Saint-Jean-Pied-de-Port, the last town in France before crossing the border has been a bit of a shock. There are fresh new peregrinos everywhere straight off the train and actually queueing (yes, queuing) to get their first stamp in their credencial. After seeing about 10 people a day, quite often less, it feels like Piccadilly Circus. SJPP is the most popular starting point for the Camino, so not unexpected to see new people, but not sure what it’s going to be like from here on in, other than different to the last 730km.
Other than the incredibly beautiful countryside the thing I have loved about France the most has been the food… delicious, some of the best meals I have ever had. When I get home I am going to crack open some French recipe books… lamb with figs a must.
What has been most annoying is also food related. Do not expect to eat outside the hours of 12:00-14:00 and 19:00-21:00. If you have lost track of the time, not a single slice of bread, chip or omelette in sight. Suggest to a café owner you would like to order the simplest of cheese sandwiches outside of these hours and you will either be greeted with a nonplussed gaze or shock horror. Likewise do not consider that Monday has any chance of being a regular business day. Even reasonable sized towns – Aire sur l’Dour a good example – nothing but stray cats wandering the streets. Plenty of shops but all locked up tight. Try to buy an apple, a baguette, a chocolate bar… forget it.
Places to stay the night are the either the gites communal or private gites. All good, cannot say a bad word about them, always clean comfy and plenty of room. Only two places I could not find a place to stay and then it was just a case of walking on. Stayed in some incredible ones, the medieval tower in Aubrac very memorable, Gite Le Pigeoniers de Figue Haut, a private farmhouse had the best food, lamb and fig something and a pasta cheese bake to die for. Gite d’Etape Le Souleillou got me my own room for 12 euros with ensuite and luxury of luxuries for sore feet, a chair in the shower!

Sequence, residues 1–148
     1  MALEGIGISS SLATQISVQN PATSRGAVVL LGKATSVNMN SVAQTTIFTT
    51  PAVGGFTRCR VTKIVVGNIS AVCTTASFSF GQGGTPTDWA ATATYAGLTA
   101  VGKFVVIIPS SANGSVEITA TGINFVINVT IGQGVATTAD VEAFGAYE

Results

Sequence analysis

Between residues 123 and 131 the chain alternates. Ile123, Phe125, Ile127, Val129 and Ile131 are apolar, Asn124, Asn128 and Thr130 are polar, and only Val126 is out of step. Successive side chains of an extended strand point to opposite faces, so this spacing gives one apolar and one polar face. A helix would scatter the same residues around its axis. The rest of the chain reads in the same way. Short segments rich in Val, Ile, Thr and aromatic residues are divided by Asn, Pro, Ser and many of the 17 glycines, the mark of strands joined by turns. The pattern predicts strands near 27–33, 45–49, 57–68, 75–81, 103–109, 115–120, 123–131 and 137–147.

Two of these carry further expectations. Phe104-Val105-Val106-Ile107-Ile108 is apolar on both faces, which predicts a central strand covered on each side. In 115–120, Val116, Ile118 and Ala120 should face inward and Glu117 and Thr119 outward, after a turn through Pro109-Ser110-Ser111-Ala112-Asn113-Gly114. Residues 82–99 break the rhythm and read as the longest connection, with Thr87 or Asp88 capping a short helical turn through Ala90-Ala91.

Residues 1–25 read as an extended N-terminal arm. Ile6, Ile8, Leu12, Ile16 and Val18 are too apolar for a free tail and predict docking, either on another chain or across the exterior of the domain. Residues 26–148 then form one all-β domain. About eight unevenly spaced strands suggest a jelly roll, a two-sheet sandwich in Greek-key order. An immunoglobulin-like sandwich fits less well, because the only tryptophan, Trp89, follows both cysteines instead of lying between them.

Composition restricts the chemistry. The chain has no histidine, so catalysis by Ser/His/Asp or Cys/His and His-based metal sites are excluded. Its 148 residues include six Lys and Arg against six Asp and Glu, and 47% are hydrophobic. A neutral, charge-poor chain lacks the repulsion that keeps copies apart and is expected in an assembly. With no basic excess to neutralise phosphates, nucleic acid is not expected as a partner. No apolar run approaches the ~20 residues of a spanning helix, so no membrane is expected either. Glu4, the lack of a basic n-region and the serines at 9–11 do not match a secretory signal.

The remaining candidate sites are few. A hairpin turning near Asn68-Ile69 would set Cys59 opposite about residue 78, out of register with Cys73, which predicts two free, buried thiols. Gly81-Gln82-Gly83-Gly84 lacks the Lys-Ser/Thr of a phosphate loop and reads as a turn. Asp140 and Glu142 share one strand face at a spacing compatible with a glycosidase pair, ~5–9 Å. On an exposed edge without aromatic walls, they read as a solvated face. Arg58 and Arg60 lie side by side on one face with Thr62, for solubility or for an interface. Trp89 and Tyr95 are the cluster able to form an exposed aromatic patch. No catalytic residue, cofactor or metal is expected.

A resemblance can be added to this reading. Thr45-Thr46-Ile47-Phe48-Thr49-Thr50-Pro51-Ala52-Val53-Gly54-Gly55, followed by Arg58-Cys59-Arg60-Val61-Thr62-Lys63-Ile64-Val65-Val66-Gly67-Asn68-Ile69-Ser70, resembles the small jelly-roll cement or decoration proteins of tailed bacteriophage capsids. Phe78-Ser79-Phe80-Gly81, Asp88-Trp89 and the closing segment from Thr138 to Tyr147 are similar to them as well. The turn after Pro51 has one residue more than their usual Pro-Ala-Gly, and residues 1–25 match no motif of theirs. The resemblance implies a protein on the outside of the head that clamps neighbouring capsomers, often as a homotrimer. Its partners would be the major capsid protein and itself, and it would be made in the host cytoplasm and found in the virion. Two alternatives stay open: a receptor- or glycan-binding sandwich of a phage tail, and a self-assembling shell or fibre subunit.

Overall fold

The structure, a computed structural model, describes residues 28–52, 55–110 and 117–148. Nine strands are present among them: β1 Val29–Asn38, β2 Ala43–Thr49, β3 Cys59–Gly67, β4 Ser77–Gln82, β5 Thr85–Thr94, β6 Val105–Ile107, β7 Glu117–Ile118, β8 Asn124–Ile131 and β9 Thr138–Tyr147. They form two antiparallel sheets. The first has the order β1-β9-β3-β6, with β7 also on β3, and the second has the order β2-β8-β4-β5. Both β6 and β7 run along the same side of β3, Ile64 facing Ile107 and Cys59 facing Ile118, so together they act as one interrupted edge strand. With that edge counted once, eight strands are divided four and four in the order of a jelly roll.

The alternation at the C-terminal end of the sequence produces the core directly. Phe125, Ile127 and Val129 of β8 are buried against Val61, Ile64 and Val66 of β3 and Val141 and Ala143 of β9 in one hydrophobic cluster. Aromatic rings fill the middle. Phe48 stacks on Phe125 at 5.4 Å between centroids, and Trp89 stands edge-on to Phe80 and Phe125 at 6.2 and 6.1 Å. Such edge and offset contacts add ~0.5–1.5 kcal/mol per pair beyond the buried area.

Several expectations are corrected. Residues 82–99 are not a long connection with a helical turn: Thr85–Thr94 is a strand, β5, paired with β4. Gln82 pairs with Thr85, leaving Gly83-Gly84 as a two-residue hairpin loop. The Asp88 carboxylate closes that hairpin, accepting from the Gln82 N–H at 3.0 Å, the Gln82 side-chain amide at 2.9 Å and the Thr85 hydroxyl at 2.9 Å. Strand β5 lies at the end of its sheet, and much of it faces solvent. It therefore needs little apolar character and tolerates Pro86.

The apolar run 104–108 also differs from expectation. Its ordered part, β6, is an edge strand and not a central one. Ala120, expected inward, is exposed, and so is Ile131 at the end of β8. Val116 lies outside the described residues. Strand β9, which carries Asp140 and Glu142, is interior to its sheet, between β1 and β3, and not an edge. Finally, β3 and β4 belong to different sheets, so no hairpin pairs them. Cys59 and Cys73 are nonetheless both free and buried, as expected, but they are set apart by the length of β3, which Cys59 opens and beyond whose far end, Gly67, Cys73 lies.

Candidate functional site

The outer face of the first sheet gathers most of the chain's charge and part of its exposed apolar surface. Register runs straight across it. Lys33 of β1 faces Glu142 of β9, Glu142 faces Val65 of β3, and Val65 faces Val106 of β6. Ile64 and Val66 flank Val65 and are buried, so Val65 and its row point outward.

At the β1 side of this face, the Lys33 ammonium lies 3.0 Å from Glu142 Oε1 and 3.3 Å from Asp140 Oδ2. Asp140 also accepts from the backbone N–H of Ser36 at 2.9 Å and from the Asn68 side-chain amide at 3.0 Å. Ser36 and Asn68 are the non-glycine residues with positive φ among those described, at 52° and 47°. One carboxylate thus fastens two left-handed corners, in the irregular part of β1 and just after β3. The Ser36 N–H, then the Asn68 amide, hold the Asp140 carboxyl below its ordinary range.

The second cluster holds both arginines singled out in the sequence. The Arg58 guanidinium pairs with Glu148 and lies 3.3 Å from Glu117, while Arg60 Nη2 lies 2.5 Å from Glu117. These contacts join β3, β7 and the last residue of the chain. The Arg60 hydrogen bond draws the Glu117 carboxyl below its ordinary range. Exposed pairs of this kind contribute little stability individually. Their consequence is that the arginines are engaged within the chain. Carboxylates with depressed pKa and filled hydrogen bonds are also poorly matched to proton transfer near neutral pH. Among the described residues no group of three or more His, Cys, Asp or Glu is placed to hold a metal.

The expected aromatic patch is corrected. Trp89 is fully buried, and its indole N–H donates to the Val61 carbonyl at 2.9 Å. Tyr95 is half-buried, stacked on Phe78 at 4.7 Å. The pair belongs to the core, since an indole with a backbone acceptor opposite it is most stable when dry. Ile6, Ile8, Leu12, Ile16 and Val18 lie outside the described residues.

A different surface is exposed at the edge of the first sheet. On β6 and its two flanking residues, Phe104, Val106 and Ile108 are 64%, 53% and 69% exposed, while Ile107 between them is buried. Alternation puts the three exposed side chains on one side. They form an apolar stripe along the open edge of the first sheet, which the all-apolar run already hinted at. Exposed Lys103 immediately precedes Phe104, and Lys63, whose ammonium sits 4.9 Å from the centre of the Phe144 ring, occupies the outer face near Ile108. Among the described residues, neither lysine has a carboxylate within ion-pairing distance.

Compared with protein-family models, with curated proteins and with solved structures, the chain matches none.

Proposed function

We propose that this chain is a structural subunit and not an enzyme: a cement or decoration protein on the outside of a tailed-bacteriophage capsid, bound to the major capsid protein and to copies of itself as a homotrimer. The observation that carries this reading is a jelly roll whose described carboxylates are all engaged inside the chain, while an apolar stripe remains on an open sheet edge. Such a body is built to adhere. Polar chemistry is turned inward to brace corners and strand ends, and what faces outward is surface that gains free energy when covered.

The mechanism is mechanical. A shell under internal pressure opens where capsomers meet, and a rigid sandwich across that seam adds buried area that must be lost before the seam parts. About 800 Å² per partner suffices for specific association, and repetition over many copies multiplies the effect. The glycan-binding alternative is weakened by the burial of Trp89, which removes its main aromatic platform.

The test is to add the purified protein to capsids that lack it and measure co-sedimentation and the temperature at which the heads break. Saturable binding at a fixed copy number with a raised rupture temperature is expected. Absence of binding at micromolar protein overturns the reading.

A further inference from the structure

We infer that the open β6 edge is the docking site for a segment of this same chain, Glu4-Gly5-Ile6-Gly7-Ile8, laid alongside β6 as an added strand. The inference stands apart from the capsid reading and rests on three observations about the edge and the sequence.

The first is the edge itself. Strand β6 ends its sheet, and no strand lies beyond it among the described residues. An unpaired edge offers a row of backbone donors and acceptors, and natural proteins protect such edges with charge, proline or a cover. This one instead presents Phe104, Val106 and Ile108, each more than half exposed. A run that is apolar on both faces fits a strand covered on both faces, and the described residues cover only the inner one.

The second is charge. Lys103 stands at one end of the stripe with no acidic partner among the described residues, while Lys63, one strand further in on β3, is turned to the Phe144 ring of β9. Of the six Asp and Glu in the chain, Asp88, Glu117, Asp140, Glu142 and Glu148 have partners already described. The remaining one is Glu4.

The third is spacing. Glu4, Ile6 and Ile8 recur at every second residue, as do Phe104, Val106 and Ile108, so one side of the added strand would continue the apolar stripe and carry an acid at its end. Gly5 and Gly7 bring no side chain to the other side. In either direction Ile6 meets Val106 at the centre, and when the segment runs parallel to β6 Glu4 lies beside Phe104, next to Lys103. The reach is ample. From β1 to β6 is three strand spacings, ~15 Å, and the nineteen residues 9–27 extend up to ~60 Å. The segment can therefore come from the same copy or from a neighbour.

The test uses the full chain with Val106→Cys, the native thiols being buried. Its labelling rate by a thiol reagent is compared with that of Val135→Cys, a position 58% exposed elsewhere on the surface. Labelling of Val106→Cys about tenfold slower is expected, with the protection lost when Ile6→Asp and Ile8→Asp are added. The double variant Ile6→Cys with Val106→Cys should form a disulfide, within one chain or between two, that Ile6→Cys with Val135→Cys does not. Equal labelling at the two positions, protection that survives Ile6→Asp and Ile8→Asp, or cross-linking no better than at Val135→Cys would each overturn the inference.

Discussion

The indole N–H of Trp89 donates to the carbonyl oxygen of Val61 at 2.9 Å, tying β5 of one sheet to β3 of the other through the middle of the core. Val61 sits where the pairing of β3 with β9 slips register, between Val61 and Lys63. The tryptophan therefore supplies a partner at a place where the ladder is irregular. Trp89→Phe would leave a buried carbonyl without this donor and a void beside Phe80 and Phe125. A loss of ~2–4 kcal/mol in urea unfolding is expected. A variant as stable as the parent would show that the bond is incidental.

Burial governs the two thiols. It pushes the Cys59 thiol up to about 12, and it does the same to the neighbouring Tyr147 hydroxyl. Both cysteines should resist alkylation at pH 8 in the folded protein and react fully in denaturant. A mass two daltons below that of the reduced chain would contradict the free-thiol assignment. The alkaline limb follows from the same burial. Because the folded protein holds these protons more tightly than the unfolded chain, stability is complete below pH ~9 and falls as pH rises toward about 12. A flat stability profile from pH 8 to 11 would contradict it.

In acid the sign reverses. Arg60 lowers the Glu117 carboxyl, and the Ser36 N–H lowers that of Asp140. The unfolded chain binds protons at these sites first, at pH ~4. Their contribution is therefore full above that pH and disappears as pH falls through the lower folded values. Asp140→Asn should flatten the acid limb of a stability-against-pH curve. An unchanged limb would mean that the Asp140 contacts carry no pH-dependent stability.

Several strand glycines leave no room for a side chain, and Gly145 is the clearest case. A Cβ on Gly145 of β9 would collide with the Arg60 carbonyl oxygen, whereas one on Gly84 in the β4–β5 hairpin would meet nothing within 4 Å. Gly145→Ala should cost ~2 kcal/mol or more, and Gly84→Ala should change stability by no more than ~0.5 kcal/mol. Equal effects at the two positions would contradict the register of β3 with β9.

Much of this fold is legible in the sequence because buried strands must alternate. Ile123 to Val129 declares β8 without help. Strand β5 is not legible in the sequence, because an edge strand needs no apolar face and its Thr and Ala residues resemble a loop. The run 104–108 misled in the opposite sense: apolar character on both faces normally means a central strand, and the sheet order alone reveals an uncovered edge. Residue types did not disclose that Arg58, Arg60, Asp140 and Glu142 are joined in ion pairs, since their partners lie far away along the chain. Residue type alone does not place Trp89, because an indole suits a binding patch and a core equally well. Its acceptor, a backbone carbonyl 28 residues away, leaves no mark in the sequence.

The most welcoming of all gites was in the Basque country – Gite d’Etape L’Escargot (pictured), first things first on arrival they sat me down with a glass of ice cold lemonade and boots off.
The food they served was traditional Basque, something with sausages, ham and pepper tomato concoction – I lost count of the number of courses they brought out, including wine… and all this for a donativo – no cost just give a donation for what you think it’s worth. On an average 15 Euros for accommodation a day I gave 50.
The Camino though France is definitely worth doing. The best section was from Le Puy to Conques and I would do it again in a flash. Idyllic villages, so old it’s as if you have walked back in time. The Aubrac is not to be missed. After Moissac it gets a bit flat and the towns a bit drab, you could be anywhere until you get nearer the Pyrenees. Another great place is Figeac, worth a visit any day, desperately wanted to shop there, but my backpack said no.